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I'm planning out my garden build and I'm trying to figure out the most economical way of doing so. I'd like to build my beds out of something rot resistant, chemical free, and affordable. My garden will have four 5'x3' boxes and two 1'x8' boxes. To build these boxes out of typical cedar wood will cost nearly $200 more than my other alternatives.

I'm considering framing 10" strips of these asphalt roofing panels with cedar and building the boxes that way. My question is, are there any health concerns I should be aware of if using these panels? From the manufacturer's website, I got this information:

ONDURA roofing sheets and tiles are comprised of 50% recycled organic fibers that are processed to increase durability, formed into a corrugated panel, and then infused with asphalt to create a weather protection barrier.

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    Organic means anything with a C atom; includes petroleum and plastics...ha ha ha. I always have raised beds without sides. I'll send a picture of my garden the beds are 5 years old... – stormy Apr 26 '18 at 19:57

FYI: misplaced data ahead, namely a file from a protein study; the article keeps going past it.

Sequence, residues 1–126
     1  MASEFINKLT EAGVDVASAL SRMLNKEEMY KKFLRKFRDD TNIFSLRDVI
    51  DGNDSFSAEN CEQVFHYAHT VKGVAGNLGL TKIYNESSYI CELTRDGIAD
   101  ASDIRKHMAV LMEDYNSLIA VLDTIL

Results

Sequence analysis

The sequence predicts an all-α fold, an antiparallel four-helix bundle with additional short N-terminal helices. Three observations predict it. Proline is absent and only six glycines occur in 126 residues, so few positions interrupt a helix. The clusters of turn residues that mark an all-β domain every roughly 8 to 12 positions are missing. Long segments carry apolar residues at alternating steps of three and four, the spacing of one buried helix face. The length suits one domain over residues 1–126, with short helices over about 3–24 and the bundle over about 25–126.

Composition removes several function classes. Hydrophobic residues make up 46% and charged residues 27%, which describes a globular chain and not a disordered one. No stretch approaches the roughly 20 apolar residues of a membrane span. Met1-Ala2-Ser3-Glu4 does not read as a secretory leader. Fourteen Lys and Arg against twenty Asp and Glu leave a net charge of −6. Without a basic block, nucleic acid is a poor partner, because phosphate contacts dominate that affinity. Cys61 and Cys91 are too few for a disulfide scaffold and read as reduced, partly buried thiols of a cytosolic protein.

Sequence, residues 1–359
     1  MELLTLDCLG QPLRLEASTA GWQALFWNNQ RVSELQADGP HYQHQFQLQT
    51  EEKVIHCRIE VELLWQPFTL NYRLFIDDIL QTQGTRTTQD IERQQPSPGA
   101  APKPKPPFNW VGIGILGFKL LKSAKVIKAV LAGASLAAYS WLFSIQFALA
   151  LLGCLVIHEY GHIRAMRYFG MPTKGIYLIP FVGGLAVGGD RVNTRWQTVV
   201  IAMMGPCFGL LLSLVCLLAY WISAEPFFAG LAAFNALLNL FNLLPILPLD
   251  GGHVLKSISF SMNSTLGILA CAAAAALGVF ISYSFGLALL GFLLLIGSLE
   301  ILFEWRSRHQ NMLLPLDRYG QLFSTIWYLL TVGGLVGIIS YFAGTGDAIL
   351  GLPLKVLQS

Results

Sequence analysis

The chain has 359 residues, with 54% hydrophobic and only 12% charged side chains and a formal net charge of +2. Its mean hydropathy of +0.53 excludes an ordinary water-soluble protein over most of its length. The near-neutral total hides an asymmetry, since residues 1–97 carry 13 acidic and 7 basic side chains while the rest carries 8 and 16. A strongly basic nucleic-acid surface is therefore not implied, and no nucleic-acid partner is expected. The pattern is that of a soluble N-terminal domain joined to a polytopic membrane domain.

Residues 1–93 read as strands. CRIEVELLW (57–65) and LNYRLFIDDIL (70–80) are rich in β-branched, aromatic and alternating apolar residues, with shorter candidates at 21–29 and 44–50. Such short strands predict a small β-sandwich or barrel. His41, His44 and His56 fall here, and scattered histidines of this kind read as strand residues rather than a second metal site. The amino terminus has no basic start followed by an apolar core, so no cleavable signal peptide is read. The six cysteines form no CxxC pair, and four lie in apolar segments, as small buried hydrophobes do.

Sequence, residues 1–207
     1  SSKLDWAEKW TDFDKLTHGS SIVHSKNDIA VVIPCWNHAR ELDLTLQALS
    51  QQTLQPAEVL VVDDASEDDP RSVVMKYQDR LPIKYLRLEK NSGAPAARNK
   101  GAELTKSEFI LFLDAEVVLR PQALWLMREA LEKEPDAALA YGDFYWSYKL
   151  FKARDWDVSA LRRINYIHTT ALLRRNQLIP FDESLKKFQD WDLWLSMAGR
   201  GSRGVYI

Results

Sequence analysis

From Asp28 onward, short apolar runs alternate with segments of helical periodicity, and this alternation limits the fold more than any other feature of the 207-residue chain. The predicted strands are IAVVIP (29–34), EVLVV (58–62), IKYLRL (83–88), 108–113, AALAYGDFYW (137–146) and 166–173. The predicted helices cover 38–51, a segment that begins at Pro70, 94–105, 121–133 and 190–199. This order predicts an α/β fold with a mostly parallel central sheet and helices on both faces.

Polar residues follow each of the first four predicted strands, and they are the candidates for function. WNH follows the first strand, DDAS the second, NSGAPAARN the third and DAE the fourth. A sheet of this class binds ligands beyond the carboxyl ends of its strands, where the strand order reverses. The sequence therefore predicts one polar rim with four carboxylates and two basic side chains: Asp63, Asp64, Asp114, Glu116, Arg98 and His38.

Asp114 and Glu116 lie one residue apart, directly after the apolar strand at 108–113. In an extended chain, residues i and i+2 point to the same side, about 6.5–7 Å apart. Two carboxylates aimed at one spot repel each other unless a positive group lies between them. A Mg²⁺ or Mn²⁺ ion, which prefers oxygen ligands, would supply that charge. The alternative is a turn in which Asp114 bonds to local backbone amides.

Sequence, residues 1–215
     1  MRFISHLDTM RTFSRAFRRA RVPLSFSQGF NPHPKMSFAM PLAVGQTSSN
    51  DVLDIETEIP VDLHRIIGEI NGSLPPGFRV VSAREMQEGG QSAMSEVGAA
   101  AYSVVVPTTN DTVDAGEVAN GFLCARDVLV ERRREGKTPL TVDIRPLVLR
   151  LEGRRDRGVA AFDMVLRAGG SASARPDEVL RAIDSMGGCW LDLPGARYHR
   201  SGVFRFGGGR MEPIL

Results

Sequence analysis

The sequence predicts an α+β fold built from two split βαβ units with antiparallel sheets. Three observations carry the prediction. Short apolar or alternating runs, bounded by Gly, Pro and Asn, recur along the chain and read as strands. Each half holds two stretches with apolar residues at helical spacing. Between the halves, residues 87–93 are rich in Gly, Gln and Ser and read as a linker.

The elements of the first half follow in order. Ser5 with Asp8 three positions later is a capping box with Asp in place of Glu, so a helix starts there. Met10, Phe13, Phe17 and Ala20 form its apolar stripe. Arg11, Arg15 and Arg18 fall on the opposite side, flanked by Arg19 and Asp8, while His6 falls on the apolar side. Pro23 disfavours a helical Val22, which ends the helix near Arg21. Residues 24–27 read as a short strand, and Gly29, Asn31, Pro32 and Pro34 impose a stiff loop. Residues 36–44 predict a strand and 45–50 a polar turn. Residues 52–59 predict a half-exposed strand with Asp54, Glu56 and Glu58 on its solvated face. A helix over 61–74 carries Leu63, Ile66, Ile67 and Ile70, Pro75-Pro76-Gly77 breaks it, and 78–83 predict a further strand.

• But interesting idea...have you checked out Treks brand dimensional lumber? – stormy Apr 26 '18 at 20:03
  • I decided to go with corrugated steel instead. Probably more structurally dependable and I don't have to worry about any possible toxins in my soil. Only a little more expensive. – DannyM Apr 26 '18 at 20:39
  • Much better choice. If asphalt shingles were chemically safe we'd be using them for an awful lot more applications than roofs. I've been working on getting my SD card to work on this computer so here is a picture of my garden...last year. – stormy Apr 26 '18 at 21:46
  • I used ONDURA on the roof of my garage. First few years it got pretty stinky in there on hot days. Stuff's lasted 10 plus years now though. OTOH, steel does not outgas much. – Wayfaring Stranger Jun 10 '18 at 14:30
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I have used old rail road timbers before, but was disappointed with the outcome of the plants (veggies) that grew closest to them. Asphalt is used to "cure" these timbers and is of course very toxic to them. Humans can also get sick from asphalt.